A reason for Streamyx to offer better speeds and prices when wireless technology is still lagging.
Mobile broadband whacking fixed-line access
GENEVA: More people are using cellphones and other portable devices for high-speed Internet access than are signing up for fixed-line subscriptions to the Web, according to just-published United Nations figures.
Mobile broadband subscriptions worldwide are expected to reach 600 million, leapfrogging the estimated 500 million fixed-line subscriptions by the end of this year, the International Telecommunication Union said.
“There was a 50% increase in mobile broadband subscriptions just over the past year,” said Susan Teltscher of ITU’s statistical bureau.
The agency expects growth to continue at this rate for several years, she said.
Most mobile broadband connections are still considerably slower than fixed-line alternatives, and offer a more limited range of services at a higher price. Experts say that competitive advantage could soon tilt in mobile’s favour, too.
Industry representatives at ITU’s Telecom World tradeshow in Geneva last week are touting two next-generation technologies as potential nails in the coffin for fixed-line broadband.
The first is LTE, or long-term evolution, which cellphone companies are considering as the replacement for 3G some years down the line.
In the other corner is WiMAX, a standard being pushed by the computer industry that works like WiFi but over much greater distances.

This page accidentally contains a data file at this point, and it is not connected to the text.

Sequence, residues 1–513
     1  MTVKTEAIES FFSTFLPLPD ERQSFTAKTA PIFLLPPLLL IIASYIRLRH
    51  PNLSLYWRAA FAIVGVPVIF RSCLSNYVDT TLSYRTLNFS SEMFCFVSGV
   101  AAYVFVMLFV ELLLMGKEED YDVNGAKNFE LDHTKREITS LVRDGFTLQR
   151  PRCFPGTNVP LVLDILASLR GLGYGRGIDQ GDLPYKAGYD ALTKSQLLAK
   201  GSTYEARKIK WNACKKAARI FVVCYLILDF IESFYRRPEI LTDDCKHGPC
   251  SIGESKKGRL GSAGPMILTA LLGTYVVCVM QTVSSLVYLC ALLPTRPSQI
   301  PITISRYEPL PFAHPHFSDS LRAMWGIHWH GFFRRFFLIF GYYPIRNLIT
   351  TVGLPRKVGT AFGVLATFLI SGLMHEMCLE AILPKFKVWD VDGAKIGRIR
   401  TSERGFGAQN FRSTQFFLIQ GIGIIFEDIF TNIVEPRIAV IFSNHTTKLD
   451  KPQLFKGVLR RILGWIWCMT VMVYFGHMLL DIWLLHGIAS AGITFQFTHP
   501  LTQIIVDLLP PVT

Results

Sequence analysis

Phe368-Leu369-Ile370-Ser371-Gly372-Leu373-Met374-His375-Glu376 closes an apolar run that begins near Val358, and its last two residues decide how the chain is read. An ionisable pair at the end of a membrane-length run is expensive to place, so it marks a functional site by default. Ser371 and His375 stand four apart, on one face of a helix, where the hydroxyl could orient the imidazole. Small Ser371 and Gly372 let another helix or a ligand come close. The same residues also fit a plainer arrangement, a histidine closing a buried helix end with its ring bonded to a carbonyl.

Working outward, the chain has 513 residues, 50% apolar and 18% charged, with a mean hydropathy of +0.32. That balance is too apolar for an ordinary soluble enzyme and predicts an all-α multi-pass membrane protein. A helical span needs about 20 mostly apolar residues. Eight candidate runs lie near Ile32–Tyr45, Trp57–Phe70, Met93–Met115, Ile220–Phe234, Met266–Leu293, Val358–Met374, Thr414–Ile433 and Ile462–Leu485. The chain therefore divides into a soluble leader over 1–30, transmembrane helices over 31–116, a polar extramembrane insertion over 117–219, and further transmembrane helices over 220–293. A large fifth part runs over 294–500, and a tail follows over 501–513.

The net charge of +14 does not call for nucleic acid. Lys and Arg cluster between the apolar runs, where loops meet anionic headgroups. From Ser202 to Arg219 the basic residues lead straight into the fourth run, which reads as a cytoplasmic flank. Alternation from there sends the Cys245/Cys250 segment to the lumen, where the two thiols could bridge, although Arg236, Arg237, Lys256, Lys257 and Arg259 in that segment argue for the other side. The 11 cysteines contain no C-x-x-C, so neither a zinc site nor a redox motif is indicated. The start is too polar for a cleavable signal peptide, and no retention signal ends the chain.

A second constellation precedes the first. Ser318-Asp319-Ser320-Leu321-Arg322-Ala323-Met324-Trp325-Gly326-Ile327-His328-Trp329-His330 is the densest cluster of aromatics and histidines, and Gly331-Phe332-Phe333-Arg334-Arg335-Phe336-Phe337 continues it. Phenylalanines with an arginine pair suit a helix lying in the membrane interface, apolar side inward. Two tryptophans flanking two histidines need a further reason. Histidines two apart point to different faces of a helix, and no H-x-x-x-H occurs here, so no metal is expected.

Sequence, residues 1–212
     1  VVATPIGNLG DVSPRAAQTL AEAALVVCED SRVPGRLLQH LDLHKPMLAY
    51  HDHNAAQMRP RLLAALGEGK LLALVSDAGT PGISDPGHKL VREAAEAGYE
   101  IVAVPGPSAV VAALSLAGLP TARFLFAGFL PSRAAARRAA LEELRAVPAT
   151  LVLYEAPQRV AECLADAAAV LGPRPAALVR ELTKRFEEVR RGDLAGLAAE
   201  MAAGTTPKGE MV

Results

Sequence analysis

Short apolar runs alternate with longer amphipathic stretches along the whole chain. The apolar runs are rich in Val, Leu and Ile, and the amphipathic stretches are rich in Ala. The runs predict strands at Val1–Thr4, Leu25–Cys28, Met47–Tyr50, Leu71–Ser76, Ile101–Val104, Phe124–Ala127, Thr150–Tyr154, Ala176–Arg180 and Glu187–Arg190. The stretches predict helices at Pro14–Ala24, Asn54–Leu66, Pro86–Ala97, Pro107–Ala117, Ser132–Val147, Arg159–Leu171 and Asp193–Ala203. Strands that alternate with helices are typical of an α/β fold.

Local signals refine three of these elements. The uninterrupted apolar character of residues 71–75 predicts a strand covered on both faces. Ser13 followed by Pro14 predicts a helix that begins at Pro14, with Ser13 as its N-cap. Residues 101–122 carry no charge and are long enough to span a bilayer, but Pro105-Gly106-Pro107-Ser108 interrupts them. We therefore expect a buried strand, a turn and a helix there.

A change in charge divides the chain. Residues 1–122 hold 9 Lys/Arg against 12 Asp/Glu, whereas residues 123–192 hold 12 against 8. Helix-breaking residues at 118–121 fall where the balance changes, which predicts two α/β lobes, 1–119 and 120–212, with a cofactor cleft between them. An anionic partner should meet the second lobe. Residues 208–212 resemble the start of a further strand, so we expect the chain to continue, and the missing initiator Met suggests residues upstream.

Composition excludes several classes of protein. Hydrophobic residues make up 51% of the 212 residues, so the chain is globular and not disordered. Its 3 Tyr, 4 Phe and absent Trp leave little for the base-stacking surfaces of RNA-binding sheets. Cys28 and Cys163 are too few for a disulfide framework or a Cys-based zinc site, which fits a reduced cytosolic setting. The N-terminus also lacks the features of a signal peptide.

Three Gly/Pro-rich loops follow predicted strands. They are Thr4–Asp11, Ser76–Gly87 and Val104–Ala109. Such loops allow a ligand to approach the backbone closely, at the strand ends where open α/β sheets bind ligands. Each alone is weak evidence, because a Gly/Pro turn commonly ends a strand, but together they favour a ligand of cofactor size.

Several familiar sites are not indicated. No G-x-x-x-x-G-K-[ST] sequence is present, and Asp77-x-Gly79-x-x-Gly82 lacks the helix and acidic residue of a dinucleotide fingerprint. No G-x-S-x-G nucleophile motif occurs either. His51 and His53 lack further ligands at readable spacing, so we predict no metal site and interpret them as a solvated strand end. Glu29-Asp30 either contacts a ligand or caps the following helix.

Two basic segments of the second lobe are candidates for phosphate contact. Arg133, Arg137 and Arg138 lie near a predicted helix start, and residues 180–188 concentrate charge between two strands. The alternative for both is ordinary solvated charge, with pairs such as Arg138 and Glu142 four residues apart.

Russia-based company Yota has unveiled a dual-use phone that runs on both WiMAX and standard cellphone networks. Users can browse the Web at ultra-high speeds in those Russian cities already covered by Yota, or connect at slower cellphone speeds elsewhere, chief executive Denis Sverdlov said.
The biggest winners from the emergence of mobile broadband are likely to be poor countries. Fixed-line phones are still scarce in the developing world, forcing those who want high-speed data services to resort to mobile technology.
Voice-only mobile subscriptions already outstrip the number of regular phone connections in most poor countries: Almost 7 in 10 people around the world now have a cellphone subscription of some kind, the ITU report found.
Meanwhile, fixed-line telephone subscriptions continue to decline and are expected to drop to about 1.1 billion — less than one for every five people on the planet — this year, the report said. — APhttp://star-techcentral.com/tech/story.asp?file=/2009/10/7/technology/20091007102839&sec=technology